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Tuesday, 16 November 2004
Page: 105

Senator Allison asked the Minister for the Environment and Heritage, upon notice, on 28 July 2004:

With reference to the use of live munitions in military exercises and the effects this may have on the marine environment:

(1) Did, or will, the Minister consult with the Minister for Defence during planning processes for military exercises, particularly those using live munitions within the Australian marine environment; if so, can details be provided.

(2) What are the safety margins required in those military exercises (that is, distance in relation to size of explosives) for marine mammals, turtles, fish and seabed ecosystems including coral reefs and seagrass beds.

(3) Will military exercises using explosive ordnance be permitted to take place within the range that is unsafe for marine mammals, turtles, fish and seabed ecosystems: (a) in areas of the Australian marine environment recognised for natural heritage values on the Commonwealth Heritage List; and (b) all other areas of the Australian marine environment.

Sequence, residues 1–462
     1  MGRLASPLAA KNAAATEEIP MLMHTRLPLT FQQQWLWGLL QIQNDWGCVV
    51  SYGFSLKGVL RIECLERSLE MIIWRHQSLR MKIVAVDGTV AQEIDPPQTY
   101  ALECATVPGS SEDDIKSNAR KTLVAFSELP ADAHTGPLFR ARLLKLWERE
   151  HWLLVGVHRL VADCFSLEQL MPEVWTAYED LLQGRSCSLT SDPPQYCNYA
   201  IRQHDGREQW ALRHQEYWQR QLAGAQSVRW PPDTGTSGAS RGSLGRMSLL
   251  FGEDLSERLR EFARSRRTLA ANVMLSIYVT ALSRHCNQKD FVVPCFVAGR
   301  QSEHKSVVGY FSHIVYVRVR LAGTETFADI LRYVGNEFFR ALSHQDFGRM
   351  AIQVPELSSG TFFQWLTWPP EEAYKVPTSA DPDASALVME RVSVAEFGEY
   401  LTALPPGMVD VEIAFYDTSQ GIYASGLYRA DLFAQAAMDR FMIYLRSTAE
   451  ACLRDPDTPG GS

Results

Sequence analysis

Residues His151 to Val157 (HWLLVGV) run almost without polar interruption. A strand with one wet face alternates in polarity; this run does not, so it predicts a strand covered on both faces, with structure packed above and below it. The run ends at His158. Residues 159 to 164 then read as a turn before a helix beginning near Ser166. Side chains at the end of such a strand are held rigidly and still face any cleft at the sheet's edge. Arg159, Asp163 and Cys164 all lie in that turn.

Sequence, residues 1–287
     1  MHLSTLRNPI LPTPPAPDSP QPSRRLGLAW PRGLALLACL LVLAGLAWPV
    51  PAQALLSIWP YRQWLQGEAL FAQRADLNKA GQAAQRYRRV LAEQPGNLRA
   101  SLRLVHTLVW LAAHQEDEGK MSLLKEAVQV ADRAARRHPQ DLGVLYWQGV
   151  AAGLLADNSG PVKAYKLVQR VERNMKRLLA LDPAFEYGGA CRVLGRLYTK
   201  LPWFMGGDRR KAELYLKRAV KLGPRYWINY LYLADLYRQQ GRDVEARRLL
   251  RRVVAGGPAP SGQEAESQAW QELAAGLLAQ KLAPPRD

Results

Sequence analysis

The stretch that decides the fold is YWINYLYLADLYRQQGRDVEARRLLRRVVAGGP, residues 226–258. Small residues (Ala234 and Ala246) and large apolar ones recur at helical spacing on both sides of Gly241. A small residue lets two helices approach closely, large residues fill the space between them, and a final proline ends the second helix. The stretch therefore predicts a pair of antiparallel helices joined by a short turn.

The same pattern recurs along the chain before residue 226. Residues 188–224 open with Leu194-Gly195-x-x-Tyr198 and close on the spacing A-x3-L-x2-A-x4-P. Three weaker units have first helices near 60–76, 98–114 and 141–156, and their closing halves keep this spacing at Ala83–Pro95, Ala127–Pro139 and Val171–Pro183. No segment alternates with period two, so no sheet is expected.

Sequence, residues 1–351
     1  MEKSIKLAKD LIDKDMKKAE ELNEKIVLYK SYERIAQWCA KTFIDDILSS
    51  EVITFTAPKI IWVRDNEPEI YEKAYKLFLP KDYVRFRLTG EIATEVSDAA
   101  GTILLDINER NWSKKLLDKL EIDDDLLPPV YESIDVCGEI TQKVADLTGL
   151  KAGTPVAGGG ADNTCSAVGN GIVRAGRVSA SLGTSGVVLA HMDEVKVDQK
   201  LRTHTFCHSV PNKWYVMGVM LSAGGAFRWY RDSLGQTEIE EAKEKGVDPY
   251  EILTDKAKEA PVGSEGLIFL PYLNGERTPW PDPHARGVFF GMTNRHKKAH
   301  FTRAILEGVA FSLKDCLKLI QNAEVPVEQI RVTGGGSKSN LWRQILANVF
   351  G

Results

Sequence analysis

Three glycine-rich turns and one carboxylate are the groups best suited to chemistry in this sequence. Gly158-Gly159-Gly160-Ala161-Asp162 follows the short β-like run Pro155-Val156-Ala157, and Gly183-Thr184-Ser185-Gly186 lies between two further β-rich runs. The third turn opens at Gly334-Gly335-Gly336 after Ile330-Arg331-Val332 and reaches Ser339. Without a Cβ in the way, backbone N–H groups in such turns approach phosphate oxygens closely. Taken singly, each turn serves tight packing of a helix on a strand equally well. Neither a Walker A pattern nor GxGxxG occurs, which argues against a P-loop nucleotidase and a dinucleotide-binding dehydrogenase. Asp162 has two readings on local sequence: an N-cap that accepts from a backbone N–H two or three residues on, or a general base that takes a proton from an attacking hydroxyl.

(4) To what extent do Australia's domestic laws, especially those intended to protect the environment, extend to foreign nationals who participate in military exercises and operations within Australian territories.

Senator Ian Campbell (Minister for the Environment and Heritage) —The answer to the honourable senator's question is as follows:

(1) Yes. Details of military exercises that have been referred by the Department of Defence for consideration under the Environment Protection and Biodiversity Conservation Act 1999 (EPBC Act) are notified on my Department's internet site at (

(2) Approval conditions are determined on a case by case basis.

(3) See 2 above.

(4) Foreign nationals who participate in military exercises and operations within Australian Territories are subject to the full extent of Australian Law except where they are exempted pursuant to that law. There is no such exemption in relation to the EPBC Act.